Elizabethan cannon resurfaces at Boyne museum

By Nalina Eggert
BBC News

image captionSimon Cosbey (right) helped raise this cannon from the seabed - and found it again in a museum in Drogheda.

An Elizabethan cannon caught Simon Cosbey's eye on a day out at a museum in the Republic of Ireland.

There was something very familiar about it.

When he read the text beside it, he said, "it all fell into place".

The bronze cannon he was looking at was the very same one he had helped haul off the seabed near Larne, County Antrim, three decades before.

In the 1980s Mr Cosbey was a keen diver with a club in Castlereagh, County Down.

He went on a routine dive looking for salvage - the idea was to sell what the group found and make some money for the BSAC (British Sub-Aqua Club).

The group headed north from Castlereagh and started scouring Larne Lough, 100 yards out from Ballylumford power station.

Bu Mr Cosbey and his fellow divers found more than they bargained for.

On the seabed that day in 1985, they found two 16th Century cannon emblazoned with the Tudor rose.

Each one weighed three-quarters of a ton.

The divers took the next day off from their jobs and, in a team of ten, set to work.

They raised the cannon by ropes after pumping air into lifting bags, then they towed them in to shore.

It was not meticulously planned out, Mr Cosbey admitted.

"Looking back I am amazed we managed to bring them to the surface," he said.

image captionDivers with the cannon in 1985. L-R: Billy Brown, Ralph McBride, David Cunningham and Randal Armstrong. Picture courtesy of Belfast Telegraph.

It was while the group was dragging the cannon on to the beach that it became clear just how old the cannon were.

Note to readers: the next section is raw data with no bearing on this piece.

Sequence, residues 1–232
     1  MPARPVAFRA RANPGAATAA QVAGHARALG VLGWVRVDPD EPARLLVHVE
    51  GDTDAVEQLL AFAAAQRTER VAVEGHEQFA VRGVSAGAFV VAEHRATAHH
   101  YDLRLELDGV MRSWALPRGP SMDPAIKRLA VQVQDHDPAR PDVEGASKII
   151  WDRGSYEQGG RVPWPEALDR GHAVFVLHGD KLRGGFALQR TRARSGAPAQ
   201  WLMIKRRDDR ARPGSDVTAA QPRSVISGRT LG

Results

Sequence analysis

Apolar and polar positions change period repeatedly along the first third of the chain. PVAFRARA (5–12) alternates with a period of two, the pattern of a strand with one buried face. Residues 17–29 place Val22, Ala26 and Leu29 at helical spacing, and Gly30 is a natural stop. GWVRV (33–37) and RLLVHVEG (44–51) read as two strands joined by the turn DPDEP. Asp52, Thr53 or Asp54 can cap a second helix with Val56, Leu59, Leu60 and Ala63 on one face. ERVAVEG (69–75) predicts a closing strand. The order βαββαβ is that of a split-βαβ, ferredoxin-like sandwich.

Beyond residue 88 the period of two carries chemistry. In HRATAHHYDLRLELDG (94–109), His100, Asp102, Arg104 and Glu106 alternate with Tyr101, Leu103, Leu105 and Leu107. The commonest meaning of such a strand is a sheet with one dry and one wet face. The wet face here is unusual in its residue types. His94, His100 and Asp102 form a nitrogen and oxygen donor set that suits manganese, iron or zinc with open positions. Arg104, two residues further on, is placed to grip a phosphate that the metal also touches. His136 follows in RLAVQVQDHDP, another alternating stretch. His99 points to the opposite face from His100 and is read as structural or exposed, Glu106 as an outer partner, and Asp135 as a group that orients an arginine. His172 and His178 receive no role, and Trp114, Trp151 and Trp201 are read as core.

The cannon bore a Tudor Rose motif and the date 1559 was written on the side.

It is still not known how they came to be on the north-western end of the Irish Sea.

They may have been ballast, thrown overboard to dislodge a grounded ship, said Randal Armstrong, a former chairman of the Castlereagh diving club.

He offered another explanation - the cannon might have been on their way to be used at fortifications on the Irish coast when a boat they were on sank.


The cannon were sold and the club used its £13,000 fee to buy a clubhouse for meetings and events.

"Any amateur club would be delighted with an influx of money like that," Mr Cosbey said.

"It was serendipity we found something of that magnitude - we had only gone down to look for scrap metal because it was an old anchorage."

The cannon went into storage at the Ulster Museum but were never put on show there.

Many objects are held in storage because of limits on display space.

But now, nearly 30 years after the find and years since he had all but stopped diving, Simon Cosbey was looking at one of the cannon at the Battle of the Boyne visitor centre near Drogheda.

The centre has the cannon on loan from the Ulster Museum. All its other cannon are replicas.

Mr Cosbey brought the original club members to see the cannon on display, and they also visited the second cannon in its Ulster Museum storage space.

The chief executive of BSAC said the cannon were "just a perfect example" of the "fascinating finds" divers can come across.

"Our club divers are passionate about diving and the wonderful experiences it can give you," Mary Tetley said.

The episode has not convinced Mr Cosbey to go back to diving. His son, however, has become the thrill-chaser of the family: he sky-dives as well as being a scuba diver.

media captionFootage taken in 1985 when the Castlereagh Sub-Aqua Club found two Elizabethan cannon on the sea bed. Club chairman Randal Armstrong filmed the recovery of the cannon on an 8mm underwater cine camera.

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